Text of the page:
1. Fencer X makes a flank cut that is short. With no pause, X immediately cuts to the head, while simultaneously Fencer Y cuts to the head. Both actions land valid.
avoided, and the phrase must be followed through. (b) The attack is correctly carried out when the extending of the arm, with the point or the cutting edge continuously threatening the valid target, precedes the initiation of the lunge. 1. An attack with a lunge is correctly carried out: — in a simple attack (cf. t.8) when the beginning of the extending of the arm precedes the launching of the lunge and the touch arrives at the latest when the front foot touches the strip;… *** 3. If the attack is commenced when the opponent‘s blade is not ‘in line’, the attack may be completed either direct, or by a disengagement or by a cutover, or else be preceded by feints (cf. t.77) which oblige the opponent to parry. The implication is that the flank cut is made correctly (with a lunge), and that the front foot has landed, ending the first attack. It has been “completely avoided.” Since this attack failed, right-of-way shifts to Fencer Y, whose attack is “commenced when the opponent’s point is not in line.” This has priority over the redoublement by Fencer X.
2. Fencer X makes a direct attack with advance-lunge while Fencer Y, who has been waiting to time X’s action, immediately establishes a line before X completes the advance. Both fencers hit valid.
t.75(b)2. An attack with a step-forward-lunge is correctly carried out: — in a simple attack (cf. t.8) when the beginning of the extending of the arm precedes the step-forward and when the touch arrives at the latest when the front foot touches the strip; t.80.2. The fencer who attacks is alone counted as touched: (a) If he initiated his attack when his opponent had his point ‘in line’ and without deflecting the opponent‘s weapon. When Fencer X initiated his attack, Fencer Y was not yet in the position of point-in-line.
3. Fencer X is at double advance plus lunge distance and makes a double advance plus lunge attack while Fencer Y, who has been waiting to time X’s action, immediately establishes a line before the start of X’s advance-lunge. Both fencers hit valid.
simple attack (cf. t.8) when the beginning of the extending of the arm precedes the step-forward and when the touch arrives at the latest when the front foot touches the strip; t.80.2. The fencer who attacks is alone counted as touched: (a) If he initiated his attack when his opponent had his point ‘in line’ and without deflecting the opponent‘s weapon. The attack by Fencer X did not start until his final advance. Fencer Y had established the point in line and Fencer X did not deflect it.
4. Fencer X starts a multiple feint attack. Fencer Y follows the feints. After X’s first feint, X’s arm is pulled back so that X’s elbow is touching X’s side. X finishes the action with the arm extending and Y counter attacks into the extension. Both land valid.
(d) If, during a compound attack, he makes a stop hit without being in time. The attack by Fencer X started with the extension.
5. The correct distance between sabre fencers when they come on guard (other than at the on guard lines) is:
6. Fencer X makes a beat attack that arrives on the valid surface. On the beat, Fencer Y’s weapon drops to the strip.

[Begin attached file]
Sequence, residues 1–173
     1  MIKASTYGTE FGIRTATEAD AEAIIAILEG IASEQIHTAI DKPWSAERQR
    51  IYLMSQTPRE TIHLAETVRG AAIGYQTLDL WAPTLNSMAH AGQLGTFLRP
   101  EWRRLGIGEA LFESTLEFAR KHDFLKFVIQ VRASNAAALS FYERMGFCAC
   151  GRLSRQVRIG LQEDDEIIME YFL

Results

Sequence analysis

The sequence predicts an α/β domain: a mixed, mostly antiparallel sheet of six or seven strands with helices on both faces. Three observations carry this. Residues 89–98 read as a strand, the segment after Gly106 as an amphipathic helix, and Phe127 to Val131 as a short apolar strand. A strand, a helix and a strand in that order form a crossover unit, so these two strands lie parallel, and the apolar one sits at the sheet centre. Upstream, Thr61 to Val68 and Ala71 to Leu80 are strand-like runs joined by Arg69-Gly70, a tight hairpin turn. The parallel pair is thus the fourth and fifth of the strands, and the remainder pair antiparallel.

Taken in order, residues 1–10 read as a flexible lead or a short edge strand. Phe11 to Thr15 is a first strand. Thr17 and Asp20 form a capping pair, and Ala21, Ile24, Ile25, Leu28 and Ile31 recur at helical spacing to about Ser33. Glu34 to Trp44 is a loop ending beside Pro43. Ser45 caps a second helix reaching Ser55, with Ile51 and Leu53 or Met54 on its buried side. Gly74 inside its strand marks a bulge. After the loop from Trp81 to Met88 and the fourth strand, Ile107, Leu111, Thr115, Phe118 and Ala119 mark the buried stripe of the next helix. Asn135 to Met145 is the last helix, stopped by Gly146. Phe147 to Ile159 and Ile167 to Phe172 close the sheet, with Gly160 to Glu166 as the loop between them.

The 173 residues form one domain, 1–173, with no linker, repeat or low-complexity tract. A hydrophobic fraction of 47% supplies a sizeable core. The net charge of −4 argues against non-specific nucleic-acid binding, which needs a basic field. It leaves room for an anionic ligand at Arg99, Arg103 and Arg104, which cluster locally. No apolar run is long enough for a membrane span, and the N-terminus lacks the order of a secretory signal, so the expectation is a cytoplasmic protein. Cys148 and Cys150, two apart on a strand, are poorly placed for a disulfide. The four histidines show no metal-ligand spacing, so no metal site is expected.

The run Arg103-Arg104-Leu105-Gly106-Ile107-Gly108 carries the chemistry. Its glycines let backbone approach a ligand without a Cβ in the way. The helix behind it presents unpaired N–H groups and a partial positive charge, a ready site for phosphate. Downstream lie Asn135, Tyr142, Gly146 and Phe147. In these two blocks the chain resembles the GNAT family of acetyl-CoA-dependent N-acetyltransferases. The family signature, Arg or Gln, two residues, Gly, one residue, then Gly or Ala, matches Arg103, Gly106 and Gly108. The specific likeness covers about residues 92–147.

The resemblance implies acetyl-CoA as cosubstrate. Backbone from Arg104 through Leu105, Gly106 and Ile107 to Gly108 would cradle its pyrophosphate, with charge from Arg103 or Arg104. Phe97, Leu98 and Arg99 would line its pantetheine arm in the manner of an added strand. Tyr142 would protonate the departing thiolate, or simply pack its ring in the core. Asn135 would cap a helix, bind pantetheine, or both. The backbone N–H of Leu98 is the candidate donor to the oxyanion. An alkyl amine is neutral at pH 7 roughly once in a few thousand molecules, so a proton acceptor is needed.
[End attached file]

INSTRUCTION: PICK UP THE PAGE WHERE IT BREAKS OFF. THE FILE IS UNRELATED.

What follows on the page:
2. Stopping the bout The bout stops on the word ‘Halt’…. As soon as the order ‘Halt’ has been given, a competitor may not start a new action; only the movement which has been begun before the order was given remains valid. The order ‘Halt’ is also given if…one of the competitors is disarmed Halt! will not be called until the weapon leaves Fencer Y’s hand, by which time the final thrust has begun.
7. Before the command Fence! is given, Fencer X establishes the line.
In foil and saber fencers may not come on guard in the ‘in line’ position.
8. Fencer X retreats over the rear limit for the first time.
t.27 Should a competitor cross the rear limit of the strip completely — i.e. with both feet — a touch will be scored against him/her.
9. A sabre blade may not curve or hook in the direction of the cutting edge, but what is the maximum allowable curvature of the blade in the lateral plane?
If the blade has a curve, it must be a distinct curve which must be continuous, and the deflection must be less than 4 cm. Blades with sharply bent extremities or which curve in the direction of the cutting edge are forbidden.
10. What feature should the Referee check about the guard of the sabre?
The guard must be full in shape, made in one piece and externally smooth. It must have a convex form which is continuous, without rim or holes.
11. What feature should the Referee check about the sabre fencer’s conductive jacket?
The sleeves of the conductive jacket must be fixed at the wrist by means of an elastic band. There must be a strap passing between the fencer‘s legs to keep the jacket in place (see Figure 15, above).
12. Fencer X cuts (not a point action) and clearly lands with the flat of the blade on Fencer Y’s valid surface. Y’s counter-attack lands with the point.
13. Fencer X’s attack arrives on Fencer Y’s leg. Y’s counter attack arrives simultaneously on X’s valid surface.
14. Both fencers attack simultaneously. Fencer Y makes an attack that lands valid, while Fencer X’s attack lands off the valid surface.
15. Fencer X makes an attack against Fencer Y’s point in line. At the final moment of X’s attack, Y lunges. Both fencers hit.
16. With no penalties given in the bout, Fencer X makes a flèche-attack. While retreating, Fencer Y makes a stop-cut. Neither of these actions lands. Both fencers immediately remise their actions; the remises land at the same time.